NIAID supports a large portfolio of investigator-initiated grants in HIV pathogenesis for a variety of areas, including mechanisms of viral entry, evasion, and replication; structure, function, and mechanism of action of viral genes and proteins; roles of cellular accessory molecules in replication; immunologic and virologic events controlling primary infection and formation of latent reservoirs; development of in vitro and ex vivo assays to monitor virus growth, immune responses, and reservoir status during HIV disease; animal models; and genetic analysis of host factors that modulate viral infection or disease progression. Knowledge gained from these studies helps researchers develop new agents and vaccines to combat HIV infection.
NIAID HIV pathogenesis research efforts have yielded significant scientific information about the basic biology of HIV and the immune response to HIV infection. For example, NIAID-funded investigators have identified the critical steps of how HIV uses the host machinery to enter and exit the cell, as well as the existence of multiple, persistent HIV reservoirs despite treatment with highly active antiretroviral therapy (HAART). In response, researchers are focusing their efforts on identifying new strategies to understand and eliminate these reservoirs of latent HIV. Research has also identified genetic markers that influence progression to AIDS. Although much has been learned in recent years, questions still remain. Information about how the virus attacks the immune system and which aspects of the immune response are the most helpful in controlling the infection is critical to providing additional targets against which therapeutic interventions and vaccines can be directed.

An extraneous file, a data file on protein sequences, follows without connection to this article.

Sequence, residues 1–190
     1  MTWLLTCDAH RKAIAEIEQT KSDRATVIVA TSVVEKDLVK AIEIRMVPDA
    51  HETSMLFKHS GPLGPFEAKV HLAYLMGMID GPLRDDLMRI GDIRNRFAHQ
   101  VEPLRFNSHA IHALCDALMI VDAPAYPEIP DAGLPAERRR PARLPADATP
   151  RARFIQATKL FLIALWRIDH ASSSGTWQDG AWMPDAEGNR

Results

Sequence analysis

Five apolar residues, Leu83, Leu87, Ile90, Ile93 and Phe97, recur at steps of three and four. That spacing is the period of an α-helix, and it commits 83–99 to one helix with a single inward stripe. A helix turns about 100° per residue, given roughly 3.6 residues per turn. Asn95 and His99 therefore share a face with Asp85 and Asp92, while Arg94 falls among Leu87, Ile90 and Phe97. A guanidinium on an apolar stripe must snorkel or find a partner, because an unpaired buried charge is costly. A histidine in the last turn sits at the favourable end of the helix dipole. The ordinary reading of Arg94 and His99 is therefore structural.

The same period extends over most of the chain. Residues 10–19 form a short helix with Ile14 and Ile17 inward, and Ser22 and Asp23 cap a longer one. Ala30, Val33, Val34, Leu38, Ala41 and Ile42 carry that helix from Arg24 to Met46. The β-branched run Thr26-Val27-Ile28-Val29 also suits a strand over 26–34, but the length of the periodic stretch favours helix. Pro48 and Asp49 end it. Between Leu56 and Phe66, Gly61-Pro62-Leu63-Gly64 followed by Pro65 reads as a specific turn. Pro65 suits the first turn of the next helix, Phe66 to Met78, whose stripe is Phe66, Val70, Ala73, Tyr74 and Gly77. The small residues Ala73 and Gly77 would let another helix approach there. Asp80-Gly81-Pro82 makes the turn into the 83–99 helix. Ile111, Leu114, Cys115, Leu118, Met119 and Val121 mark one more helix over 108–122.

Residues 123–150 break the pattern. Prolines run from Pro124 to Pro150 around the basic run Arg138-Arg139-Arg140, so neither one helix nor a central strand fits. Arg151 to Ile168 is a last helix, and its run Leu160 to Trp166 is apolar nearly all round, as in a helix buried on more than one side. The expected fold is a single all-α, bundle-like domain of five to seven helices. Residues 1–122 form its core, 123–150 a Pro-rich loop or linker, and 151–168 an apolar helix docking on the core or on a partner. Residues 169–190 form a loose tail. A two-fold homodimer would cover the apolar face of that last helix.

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Last Updated April 17, 2008